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Book Review

Calvinism: for and against—a double review

Most Christians sooner or later have to confront the ‘Calvinism versus Arminianism’ debate and decide which way they lean. Here are twin volumes putting the two views—though Olson’s book, as its title indicates, is not so much promoting Arminianism as pointing out the weaknesses of Calvinism. The books are For Calvinism by Michael S. Horton (Zondervan, 2011.  ISBN 978-0-310-29655-3) and Against Calvinism by Robert E. Olson (Zondervan, 2011. ISBN 978-0-310-57595-5).

Both writers, I found, are passionate in their convictions yet fair and gracious in their treatment of each other. Each had read the other’s manuscript before publication and added a foreword to it, so they wrote with the other’s material in mind. They quote widely, not just from the traditional writers on the subject but also from modern Calvinist writers like R.C. Sproul and John Piper.

The godly Bishop Ryle once observed: ‘I have long come to the conclusion that men may be more systematic in their statements than the Bible, and may be led into grave error by the idolatrous veneration of a system.’ Five-point Calvinism (sometimes called Reformed theology) is exactly such a system, in my view, and it is now many years since I turned my back on it. I did so chiefly because I couldn’t accept its doctrine of limited atonement (that Jesus died not for everyone but just for ‘the elect’), and because, in spite of its proponents’ attempts to wriggle out of it, its line on God’s sovereignty unavoidably makes him the author of evil, including his decree to send millions to hell for ever.

I tried to give both books a fair reading, but in the end they left me with my rejection of Calvinism solidly confirmed. So forgive me for quoting below more from the Against volume. You must reach your own conclusions, and you won’t find two better books to give you all the information required to get you there.

[I read these books in their Kindle editions, so the numbers represent Locations, not page numbers]

[To read a bit more on my own rejection of Calvinism (and various other -isms) see my article Wart Treatment]


From For Calvinism:

Calvinism is not a sect. It is not a group within the church, seeking its own independent status. Rather, it is an affirmation of sola gratia in the history of the church of Jesus Christ.  (182)

Reformed churches do not add any new doctrines to the Christian faith, but claim that they are merely recovering the clear teachings of Scripture that had become obscured in the medieval church.  (257)

Pelagianism—the religion of self-salvation—is not a modern innovation, but the default setting of the fallen heart ever since the fall. No one has to be taught Pelagianism; rather, we have to be taught out of it — constantly, since we gravitate toward it. We find it even in the nineteenth-century American evangelist Charles Finney, and it remains a potent theology in practice even in many places where it is denied in theory.  (777)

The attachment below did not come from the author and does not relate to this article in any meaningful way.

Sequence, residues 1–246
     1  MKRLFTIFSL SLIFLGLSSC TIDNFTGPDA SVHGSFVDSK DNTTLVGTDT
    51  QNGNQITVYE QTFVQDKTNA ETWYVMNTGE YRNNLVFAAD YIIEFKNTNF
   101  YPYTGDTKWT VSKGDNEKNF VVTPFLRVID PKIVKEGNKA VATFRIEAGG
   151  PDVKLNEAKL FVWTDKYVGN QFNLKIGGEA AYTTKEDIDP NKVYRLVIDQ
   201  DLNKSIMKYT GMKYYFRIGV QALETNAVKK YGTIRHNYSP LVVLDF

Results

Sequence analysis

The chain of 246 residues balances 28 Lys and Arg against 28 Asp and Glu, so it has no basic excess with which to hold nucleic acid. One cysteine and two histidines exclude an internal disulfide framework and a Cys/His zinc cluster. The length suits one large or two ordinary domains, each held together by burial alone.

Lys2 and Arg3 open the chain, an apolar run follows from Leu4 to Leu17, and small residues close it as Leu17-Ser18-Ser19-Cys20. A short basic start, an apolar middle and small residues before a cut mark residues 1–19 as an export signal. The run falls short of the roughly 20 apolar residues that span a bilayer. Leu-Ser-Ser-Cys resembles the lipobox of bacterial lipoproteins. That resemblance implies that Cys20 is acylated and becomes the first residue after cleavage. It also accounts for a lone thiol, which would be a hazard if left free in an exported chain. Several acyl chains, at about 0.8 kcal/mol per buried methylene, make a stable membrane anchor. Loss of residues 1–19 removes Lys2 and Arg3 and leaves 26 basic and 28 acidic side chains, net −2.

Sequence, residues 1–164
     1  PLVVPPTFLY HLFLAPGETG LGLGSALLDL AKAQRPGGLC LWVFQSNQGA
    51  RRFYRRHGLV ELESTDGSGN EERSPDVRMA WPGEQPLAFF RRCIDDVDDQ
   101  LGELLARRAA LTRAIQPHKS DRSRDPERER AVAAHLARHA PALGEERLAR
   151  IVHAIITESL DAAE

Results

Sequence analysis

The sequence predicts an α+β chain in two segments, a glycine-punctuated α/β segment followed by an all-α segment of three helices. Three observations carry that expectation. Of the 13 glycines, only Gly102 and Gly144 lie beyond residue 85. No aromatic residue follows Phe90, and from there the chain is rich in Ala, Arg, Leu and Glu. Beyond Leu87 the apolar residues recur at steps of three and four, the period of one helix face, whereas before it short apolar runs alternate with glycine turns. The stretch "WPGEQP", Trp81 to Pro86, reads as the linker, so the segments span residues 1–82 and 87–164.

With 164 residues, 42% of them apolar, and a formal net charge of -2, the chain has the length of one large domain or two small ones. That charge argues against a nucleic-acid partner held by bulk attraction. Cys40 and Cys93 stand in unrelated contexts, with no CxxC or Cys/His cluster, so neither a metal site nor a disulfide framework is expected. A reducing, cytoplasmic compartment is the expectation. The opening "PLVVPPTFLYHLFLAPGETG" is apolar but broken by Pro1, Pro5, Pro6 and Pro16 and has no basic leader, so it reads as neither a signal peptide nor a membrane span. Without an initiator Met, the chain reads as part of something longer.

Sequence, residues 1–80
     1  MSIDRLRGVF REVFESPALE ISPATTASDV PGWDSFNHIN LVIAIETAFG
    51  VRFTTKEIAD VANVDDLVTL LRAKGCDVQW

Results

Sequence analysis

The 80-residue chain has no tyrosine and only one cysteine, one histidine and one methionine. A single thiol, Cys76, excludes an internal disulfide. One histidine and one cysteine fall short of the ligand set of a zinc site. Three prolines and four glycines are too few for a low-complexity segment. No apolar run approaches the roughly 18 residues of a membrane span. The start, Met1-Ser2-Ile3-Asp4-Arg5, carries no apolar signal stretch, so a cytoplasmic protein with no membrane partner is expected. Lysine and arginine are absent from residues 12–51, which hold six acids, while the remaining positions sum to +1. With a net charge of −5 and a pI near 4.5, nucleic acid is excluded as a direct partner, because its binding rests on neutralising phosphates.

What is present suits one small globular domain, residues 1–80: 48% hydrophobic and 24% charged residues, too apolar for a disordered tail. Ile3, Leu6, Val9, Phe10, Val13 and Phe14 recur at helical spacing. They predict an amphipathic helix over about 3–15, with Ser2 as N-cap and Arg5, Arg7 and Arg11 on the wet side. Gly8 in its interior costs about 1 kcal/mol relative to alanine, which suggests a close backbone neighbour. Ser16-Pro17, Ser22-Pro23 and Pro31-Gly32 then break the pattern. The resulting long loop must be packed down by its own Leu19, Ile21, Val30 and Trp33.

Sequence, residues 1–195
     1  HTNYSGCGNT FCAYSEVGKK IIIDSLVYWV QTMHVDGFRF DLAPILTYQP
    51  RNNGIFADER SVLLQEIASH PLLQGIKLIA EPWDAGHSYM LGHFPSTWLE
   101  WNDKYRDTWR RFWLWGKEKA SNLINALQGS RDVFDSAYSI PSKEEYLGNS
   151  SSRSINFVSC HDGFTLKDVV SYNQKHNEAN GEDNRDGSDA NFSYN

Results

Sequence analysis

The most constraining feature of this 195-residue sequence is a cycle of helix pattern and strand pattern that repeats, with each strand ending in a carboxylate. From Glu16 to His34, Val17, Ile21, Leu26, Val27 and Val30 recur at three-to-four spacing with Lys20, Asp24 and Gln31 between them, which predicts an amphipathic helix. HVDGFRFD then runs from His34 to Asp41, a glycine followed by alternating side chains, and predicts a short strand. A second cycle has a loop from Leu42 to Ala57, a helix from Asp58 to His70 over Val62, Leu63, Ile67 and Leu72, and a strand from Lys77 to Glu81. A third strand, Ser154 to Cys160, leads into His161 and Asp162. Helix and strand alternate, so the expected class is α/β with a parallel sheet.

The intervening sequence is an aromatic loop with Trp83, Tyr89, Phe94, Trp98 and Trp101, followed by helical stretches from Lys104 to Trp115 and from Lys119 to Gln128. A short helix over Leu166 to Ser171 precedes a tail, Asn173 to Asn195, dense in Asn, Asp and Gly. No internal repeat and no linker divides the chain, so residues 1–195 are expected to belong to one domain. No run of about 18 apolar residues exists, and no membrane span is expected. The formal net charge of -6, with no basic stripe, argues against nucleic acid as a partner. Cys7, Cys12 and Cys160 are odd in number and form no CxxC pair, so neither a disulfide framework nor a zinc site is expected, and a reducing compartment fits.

…whether the elect are chosen unto faith or in view of their faith. In other words, is election unconditional or conditional? Does God choose who will be saved, apart from their decision and effort, or does he choose those whom he knows will trust and obey?  (836)

God is not arbitrarily choosing some and rejecting others. Rather, he is choosing some of his enemies for salvation and leaving the rest to the destiny that all of us would have chosen for ourselves.  (911)

The Calvinist says that everything that happens is not only foreknown but determined by God, yet in some cases through his own action (such as working all things together for our good) and in other cases through his permission (such as allowing creatures to commit a particular sin).  (956)

Is election fair? Hardly. But who wants fairness in this matter? After all, if God were to give everybody what is deserved, nobody would be saved.  (1022)

All orthodox Christians maintain that the atonement is limited either in its extent or in its nature. Calvinists believe that it is limited (or definite) in its extent, but unlimited in its nature or efficacy: Christ’s death actually saved the elect. Arminians believe that it is unlimited in its extent, but limited in its nature or efficacy: Christ’s death makes possible the salvation of everyone, but does not actually save any.  (1386)

If Christ’s death itself actually accomplished salvation for everyone for whom it was intended, then the only options are Calvinism and universalism.  (1627)

These warning passages themselves target those who are visible members of the covenant community (professing believers and their children), in some sense benefiting from the Spirit’s ministry, who have nevertheless failed to embrace the gift of salvation.  (2239)

Wesley seemed to be more worried that Calvinists were preaching antinomian heresy than that Arminians were preaching works-righteousness.  (2718)

Note that no one in Scripture is told, “Christ died for you,” much less, “Christ died to make your salvation possible.” Christ’s sheep hear his voice and they come to him, and not one of them will perish (John 10:11, 15).  (3216)

Jaroslav Pelikan famously said: Tradition is the living faith of the dead; traditionalism is the dead faith of the living.  (3641)

From Against Calvinism:

This kind of Calvinism, which attributes everything to God’s will and control, makes it difficult (at least for me) to see the difference between God and the devil.  (298)

It is even debatable whether what they are calling Calvinism was believed in its entirety by Calvin.  (355)